Enjoyed your blog – the pictures and sentiments. I must be a one in a million for even at 50+ I am still amazed and awed by nature and its immense beauty. I must stop by a blog which has photos of different places of the world for I have not yet travelled to any other country but I know now that I shall.
    They say when you loose your childlike wonder of things beautiful be they words or a picture or somebody’s effort then you have grown old and jaded and I wish never to do that to myself. I’d like to be the same at 90 what I am today and as I know that it is in my hands to decide what I want I shall choose good health, happiness and riches beyond my wildest dreams. If you like what I say then head over to my blog and learn how to get them for yourself.

    1. Thanks for the thoughtful reply. I agree with your sentiments and am delighted that you liked the post and pictures. Here’s to keeping that childlike wonder for things!
      Best,
      Julian

  27. Congratulation on such a wonderful post! When I looked at the pictures I indescribably felt peace. So, thank you!

  28. {…”When it comes to wonder and the natural world, children are the true specialists. They are particularly open to that state of astonishment that we associate with awe. A child, in the most common of landscapes, is capable, through a combination of intense perception and imagination, of discovering an entire world in the smallest fragment of nature. It might be among wildflowers and weeds at the edge of a scrubby field where an iridescent emerald beetle or the bright flight of a butterfly can hold a child’s attention for several minutes. It could be along a river bank where a child excitedly follows an oak leaf as it travels downstream. It might simply be the prints of an animal, perfectly preserved by snow, that captures a child’s imagination.”…)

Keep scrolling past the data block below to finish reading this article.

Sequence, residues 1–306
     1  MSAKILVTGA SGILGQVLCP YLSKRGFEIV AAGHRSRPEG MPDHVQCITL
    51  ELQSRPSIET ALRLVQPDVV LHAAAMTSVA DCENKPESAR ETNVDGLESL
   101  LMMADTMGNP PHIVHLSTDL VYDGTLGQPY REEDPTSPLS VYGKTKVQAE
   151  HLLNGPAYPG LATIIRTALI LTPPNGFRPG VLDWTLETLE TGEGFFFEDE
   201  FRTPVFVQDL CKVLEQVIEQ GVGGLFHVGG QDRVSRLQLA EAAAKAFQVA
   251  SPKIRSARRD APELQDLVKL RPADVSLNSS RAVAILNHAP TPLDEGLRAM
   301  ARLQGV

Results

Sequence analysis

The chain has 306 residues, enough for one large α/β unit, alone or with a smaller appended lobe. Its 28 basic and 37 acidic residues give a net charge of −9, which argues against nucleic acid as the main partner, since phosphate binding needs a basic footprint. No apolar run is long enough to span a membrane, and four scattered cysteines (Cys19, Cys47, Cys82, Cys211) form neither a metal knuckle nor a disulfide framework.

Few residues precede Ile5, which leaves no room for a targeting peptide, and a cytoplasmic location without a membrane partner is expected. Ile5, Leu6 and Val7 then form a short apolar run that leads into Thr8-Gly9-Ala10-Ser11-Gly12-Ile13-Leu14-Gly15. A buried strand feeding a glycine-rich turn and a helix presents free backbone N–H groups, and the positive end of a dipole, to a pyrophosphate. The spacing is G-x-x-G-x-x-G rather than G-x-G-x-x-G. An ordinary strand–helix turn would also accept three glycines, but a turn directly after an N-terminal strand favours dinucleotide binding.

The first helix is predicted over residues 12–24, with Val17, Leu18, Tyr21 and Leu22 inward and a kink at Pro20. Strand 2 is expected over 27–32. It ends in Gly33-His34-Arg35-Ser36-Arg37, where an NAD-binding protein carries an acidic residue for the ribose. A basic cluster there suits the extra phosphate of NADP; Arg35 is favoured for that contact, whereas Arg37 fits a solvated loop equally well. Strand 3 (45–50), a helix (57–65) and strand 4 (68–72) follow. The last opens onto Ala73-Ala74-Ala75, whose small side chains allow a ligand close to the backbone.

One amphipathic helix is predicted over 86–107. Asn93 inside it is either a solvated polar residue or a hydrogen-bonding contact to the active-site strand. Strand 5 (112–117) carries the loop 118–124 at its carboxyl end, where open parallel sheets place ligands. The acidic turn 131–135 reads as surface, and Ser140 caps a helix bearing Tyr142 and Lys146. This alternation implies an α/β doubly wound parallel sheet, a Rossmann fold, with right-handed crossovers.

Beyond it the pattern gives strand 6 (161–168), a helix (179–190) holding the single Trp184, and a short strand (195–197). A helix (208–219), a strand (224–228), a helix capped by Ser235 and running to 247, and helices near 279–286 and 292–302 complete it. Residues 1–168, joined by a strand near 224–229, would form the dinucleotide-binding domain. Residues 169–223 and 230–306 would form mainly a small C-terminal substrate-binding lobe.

I’m new here, so not sure the etiquette for taking a seg. of your post and thanking you for that in particular. And super happily so, as the entire time leading up to that initial entry regarding the easily lost art of childhood appreciation and enamorement I was like “but what about when we were KIDS??!!!”
    anyway, stellar post – will def delve further into this blog fo sho.
    ;) peace, L
    **yay for FP or I may not have stumbled upon you!

    1. Delighted that you found the post on FP, Lisa! Especially as the section of childhood wonder obviously resonated with you. I watched two young sisters in the field beside my house the other day spending almost an entire afternoon gathering wild flowers and spring weeds and then transforming them all into the most splendid pair of perfumed and colourful crowns that they wore on their heads for the rest of the day! Wonderful…

      Thanks for taking the time to read and hope you enjoy your look around.

      Cheers,
      Julian

  29. What has always surprised me in my travels is how much ‘open’ land there is. I’m used to the vast swaths of land that are farmers fields where I live, or the uninhabited rugged mountains of the Province next door. But I didn’t expect Britain to have a huge patchwork of little cultivated fields. I thought India would be wall to wall people, but it isn’t…

    1. So often landscapes and places upset our expectations! I had a similar experience to you in India many years ago, when I discovered a wonderful intermingling of people and wild creatures in a densely populated part of the world. Those surprises, like the common open spaces, are so very important. Thanks for reading!